Ted mouthed the word "Topsy?" to Estelle as she went to follow her mother from the room. Estelle shrugged, smiled back at him, stealing a glance towards her father's back as she did so, then was gone.

Ted found himself sitting alone in the room looking at Estelle's father's back while he continued to gaze out of the window.

Norman Warender smiled inwardly as he heard the door close behind Stella.

"Correct me if I'm wrong, Ted. But you have a studio on Bell Lane, don't you?" Norman Warender asked

"You are correct S ... Norman."

Norman Warender smiled again, and silently chuckled to himself; satisfied that Ted was who Norman had thought he was.

Estelle's father had recognised Ted Harper's name the instant his daughter had mentioned him the previous day. And he'd remembered how in her younger days, Topsy had ranted-on about the insolent fellow college student.

As a child Topsy had always been her "father's daughter". It was to him she taken her troubles and for a while -- as she grew older -- those troubles had included Topsy's romantic problems as well. However as her teenage years progressed his Topsy, had morphed into Estelle, as she'd fallen more and more under her mother's influence.

However Norman Warender could vividly recall -- many years before -- that one of Shakespeare's famous quotes, "Methinks the lady doth protest too much!" had crept into his mind when his Topsy had complained to him about the handsome young hooligan at college, Ted Harper, who had accosted her.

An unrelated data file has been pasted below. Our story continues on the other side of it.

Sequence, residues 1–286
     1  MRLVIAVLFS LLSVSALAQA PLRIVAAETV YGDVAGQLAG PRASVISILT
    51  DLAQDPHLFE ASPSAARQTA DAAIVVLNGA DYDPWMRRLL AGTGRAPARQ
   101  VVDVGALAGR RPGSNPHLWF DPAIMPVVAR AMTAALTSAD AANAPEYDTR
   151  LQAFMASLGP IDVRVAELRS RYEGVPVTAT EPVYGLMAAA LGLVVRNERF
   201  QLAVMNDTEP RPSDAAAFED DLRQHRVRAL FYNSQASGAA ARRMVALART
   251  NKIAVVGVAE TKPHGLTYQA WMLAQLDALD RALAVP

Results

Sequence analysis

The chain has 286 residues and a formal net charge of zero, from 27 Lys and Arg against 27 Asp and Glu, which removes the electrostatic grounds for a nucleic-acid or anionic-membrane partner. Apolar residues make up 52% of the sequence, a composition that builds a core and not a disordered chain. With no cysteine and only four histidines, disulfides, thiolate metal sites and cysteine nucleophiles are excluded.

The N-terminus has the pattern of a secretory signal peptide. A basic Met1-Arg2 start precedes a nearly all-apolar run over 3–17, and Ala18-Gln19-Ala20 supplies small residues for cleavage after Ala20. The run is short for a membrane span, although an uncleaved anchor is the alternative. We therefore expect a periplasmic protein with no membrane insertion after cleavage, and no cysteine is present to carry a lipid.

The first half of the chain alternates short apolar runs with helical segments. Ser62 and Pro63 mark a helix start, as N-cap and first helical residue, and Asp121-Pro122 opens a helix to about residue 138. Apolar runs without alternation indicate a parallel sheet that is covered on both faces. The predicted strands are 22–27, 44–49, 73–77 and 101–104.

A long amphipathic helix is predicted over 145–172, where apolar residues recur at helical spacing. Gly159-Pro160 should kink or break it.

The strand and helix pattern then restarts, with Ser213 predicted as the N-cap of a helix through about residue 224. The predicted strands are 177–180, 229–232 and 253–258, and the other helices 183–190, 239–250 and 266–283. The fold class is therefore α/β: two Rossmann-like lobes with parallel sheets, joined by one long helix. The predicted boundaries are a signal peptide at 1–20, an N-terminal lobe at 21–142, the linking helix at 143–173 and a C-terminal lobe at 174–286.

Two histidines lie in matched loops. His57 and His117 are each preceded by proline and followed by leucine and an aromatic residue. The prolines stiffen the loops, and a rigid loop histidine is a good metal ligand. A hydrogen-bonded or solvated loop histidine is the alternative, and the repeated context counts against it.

What's more, Norman Warender had noted that it hadn't been Estelle he'd just watched climb out of Ted's car and walk to the front door. It had been a sudden and unexpected reincarnation of his Topsy returning home. Norman Warender had been forced to conclude that the young man sat on the sofa behind him, had to have been the catalyst for that sudden and instantly recognisable change in his daughter's demeanour.

Still keeping his face adverted from Ted's sight, Norman Warender asked.

"Do you still ride that infamous motorcycle of yours, Ted?"

"We... , well no sir." Ted stuttered in reply. Completely taken aback by Norman Warender's question. "I still have it though, tucked away in the back of the garage." Ted was somewhat concerned about what Estelle's father was about to say next. Especially taking into account that Mr Warender had blatantly engineered it so that they were alone in the room.

Norman Warender spun on his heel, looked Ted directly in the eye and smiled at him.

"Ted, the local college has a governing body as you know. On which, I -- for my sins -- had the dubious honour of serving for a few years. I vividly recall your infamous stunt with the motorcycle ... most entertaining, that meeting was as well. However there were many of the faculty who were convinced your antics were just a case of misguided and/or slightly over-enthusiastic ingenuity on your part; more than a case of devilment.

"You're reputed to be a very talented artist young man; even if a little outlandish in your behaviour at times. However, you will find that even the most conservative of people..." Norman Warender's eyes moved to the door and then back to Ted. "will overlook almost any eccentricity, in favour of talent, and her daughter's happiness. Just you make sure that Estelle stays happy, young man; do you understand?"

"I believe so S ... Norman." Ted replied.

"Very well, but until my wife understands exactly who you actually are Ted. This might prove to be heavy going today. We are unable to convince Daphne of anything though: that realisation will have to be her own."

In truth Ted had little or no idea of what Norman Warender had been talking about. Ted assumed that Norman had been trying to explain to him the same thing as Estelle had: that his wife, Daphne Warender was a raving snob and would very likely to turn out to be the bane of Ted's life.

A few moments after her mother carried the tea tray into the lounge, Stella, returned dressed very much like a teenager. Resplendent in faded denim jeans, that Ted truly did wonder how Stella had managed to squeeze herself into, and an extremely tight fitting tee-shirt.